Weaning William

I’ve had a few people ask me recently whether I’ve done baby- led weaning or traditional weaning. The answer is that I have done both, and I thought I’d explain why.

Before having a baby, and if I’m honest, until Will was about 5 months old, weaning hadn’t really crossed my mind. Then out of the blue, my milk-guzzling newborn started staring at us when we ate, really piercing stares! His little mouth would open and close and he would try to grab food off our plates or out of our mouths! As a clueless new Mum, I did what I always do when I want to learn about something new; I bought a couple of books! I read about traditional weaning and baby-led weaning.

In brief, baby-led weaning involves providing your baby with foods they can eat themselves. The benefits of this include improving your baby’s dexterity and coordination as well as ensuring they aren’t over fed, leading to healthier eating habits as an adult. It also introduces babies to a variety of food textures and teaches them to chew. Traditional weaning on the other hand involves introducing babies to puréed foods which are spoon fed, and slowly introducing texture to these.

As a self-confessed greedy person who has always loved variety, baby led weaning really struck a chord with me. I love my food to be interesting and thought that giving Will finger foods would be a fun and  exciting way to introduce him to solids. The pharmacist in me however, wanted to ensure that Will was getting to vitamins and minerals that he needed, most importantly iron. Because for me, this is where baby led weaning could fall down. I have, on many occasions put a healthy, balanced tray of food in front of Will, and he’s rejected all but one food. You can’t force a baby to eat beef or egg if they don’t want to, and in the early days of weaning when babies are being slowly introduced to foods, it can be hard to disguise foods that they don’t like. A purée however can ensure your baby has the nutrients they require. Baby- led weaning can also be incredibly wasteful, especially when eating out. If Will drops food at home, he has a mat under his highchair so I pick it up and hand it back to him – in a restaurant, once it’s been dropped, that’s it. It can be so disheartening to see the food you’ve made thrown away within a couple of seconds of starting a meal!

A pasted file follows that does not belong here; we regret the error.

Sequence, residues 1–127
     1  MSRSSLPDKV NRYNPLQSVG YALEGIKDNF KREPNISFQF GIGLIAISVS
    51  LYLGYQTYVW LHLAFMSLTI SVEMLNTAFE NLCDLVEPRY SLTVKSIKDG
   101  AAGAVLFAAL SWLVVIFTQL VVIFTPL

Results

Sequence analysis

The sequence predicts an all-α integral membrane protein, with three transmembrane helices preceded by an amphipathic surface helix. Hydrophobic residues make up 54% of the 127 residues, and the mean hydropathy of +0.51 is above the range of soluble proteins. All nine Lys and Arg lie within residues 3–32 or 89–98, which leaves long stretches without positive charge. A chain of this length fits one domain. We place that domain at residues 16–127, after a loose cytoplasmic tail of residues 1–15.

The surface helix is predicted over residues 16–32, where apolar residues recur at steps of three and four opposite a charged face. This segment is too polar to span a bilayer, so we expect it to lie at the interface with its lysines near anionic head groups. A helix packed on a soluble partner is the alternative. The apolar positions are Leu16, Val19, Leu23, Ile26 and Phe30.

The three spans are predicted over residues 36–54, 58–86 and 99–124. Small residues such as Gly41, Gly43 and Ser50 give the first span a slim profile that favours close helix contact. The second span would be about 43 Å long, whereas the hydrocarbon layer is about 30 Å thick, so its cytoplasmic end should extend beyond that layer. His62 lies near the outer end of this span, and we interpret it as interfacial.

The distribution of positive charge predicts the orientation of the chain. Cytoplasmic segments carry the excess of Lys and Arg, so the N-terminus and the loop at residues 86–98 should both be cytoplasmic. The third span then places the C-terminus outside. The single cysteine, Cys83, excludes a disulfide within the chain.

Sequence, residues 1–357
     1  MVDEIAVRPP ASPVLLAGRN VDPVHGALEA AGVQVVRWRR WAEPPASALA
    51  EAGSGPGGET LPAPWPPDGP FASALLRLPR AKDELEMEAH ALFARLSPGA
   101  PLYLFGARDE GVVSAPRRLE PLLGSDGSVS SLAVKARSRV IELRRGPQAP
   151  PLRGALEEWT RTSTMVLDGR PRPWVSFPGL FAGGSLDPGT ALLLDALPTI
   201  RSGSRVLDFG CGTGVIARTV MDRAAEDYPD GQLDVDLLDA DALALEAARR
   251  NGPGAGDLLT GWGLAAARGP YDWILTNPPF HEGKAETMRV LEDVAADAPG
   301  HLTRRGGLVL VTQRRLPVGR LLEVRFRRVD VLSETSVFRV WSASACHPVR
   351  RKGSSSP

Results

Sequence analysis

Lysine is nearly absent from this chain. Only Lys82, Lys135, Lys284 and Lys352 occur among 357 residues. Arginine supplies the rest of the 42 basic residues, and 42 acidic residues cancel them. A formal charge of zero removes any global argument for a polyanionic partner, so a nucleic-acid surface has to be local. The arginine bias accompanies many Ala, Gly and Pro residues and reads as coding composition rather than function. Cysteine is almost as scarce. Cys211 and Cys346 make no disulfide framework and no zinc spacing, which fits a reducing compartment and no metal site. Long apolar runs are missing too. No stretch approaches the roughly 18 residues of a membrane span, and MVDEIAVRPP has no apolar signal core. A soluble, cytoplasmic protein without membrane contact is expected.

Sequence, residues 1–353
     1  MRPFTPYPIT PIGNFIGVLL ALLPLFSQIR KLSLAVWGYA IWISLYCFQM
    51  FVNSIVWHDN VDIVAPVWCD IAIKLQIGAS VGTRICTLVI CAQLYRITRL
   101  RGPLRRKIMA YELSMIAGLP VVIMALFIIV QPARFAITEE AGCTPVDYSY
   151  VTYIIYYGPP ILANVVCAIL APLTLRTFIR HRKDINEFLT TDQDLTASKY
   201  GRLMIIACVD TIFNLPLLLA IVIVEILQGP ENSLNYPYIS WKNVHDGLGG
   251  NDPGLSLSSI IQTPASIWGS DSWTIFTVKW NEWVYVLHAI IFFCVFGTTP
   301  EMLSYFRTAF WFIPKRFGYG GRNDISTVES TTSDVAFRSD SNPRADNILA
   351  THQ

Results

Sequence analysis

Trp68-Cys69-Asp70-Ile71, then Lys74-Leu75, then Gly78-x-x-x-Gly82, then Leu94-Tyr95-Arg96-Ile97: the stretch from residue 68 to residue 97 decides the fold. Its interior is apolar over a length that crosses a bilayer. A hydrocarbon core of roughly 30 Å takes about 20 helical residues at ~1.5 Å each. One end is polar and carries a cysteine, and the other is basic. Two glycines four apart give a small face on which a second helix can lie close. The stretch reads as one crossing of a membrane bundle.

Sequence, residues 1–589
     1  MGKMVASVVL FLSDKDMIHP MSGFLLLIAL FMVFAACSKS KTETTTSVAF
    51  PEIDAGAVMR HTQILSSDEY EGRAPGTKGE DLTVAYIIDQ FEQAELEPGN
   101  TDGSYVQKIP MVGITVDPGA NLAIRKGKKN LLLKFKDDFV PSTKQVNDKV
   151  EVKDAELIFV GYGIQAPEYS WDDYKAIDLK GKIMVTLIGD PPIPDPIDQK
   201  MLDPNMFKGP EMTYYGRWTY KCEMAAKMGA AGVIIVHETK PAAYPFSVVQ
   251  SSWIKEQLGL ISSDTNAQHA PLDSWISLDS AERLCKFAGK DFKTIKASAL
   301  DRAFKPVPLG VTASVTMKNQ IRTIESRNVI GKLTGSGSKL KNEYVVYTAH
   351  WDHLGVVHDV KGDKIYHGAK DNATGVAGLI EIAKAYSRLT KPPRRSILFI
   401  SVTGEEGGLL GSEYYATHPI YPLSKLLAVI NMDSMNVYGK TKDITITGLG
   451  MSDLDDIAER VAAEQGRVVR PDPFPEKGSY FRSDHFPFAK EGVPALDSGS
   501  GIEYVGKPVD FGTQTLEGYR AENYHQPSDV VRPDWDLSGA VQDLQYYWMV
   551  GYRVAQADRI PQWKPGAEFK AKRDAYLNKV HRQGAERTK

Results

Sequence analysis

I started weaning Will with a mixture of purées and finger foods, he enjoyed both and it became apparent that the most important thing to me wasn’t whether he was fed from a spoon or not, it was whether we were sitting at the table, enjoying family meals together. I wanted to cook one meal and us all enjoy it. So sometimes Will has our food blended, and other times he has our food as finger foods. It completely depends on the meal. Essentially; food we eat with a spoon, he eats with a spoon!

There seems to be a lot of judgement surrounding weaning these days, and people seem to follow either baby-led or traditional weaning, but I can’t help thinking that a mixture of the two can be a great option too!

This has worked really well for our family but I would never judge what another family choose to do. Becoming a parent makes you realise that all Mums and Dads are constantly trying to do the best for their children! How did you wean your children? What were your reasons for doing so? I’d love to hear about your weaning journey! 

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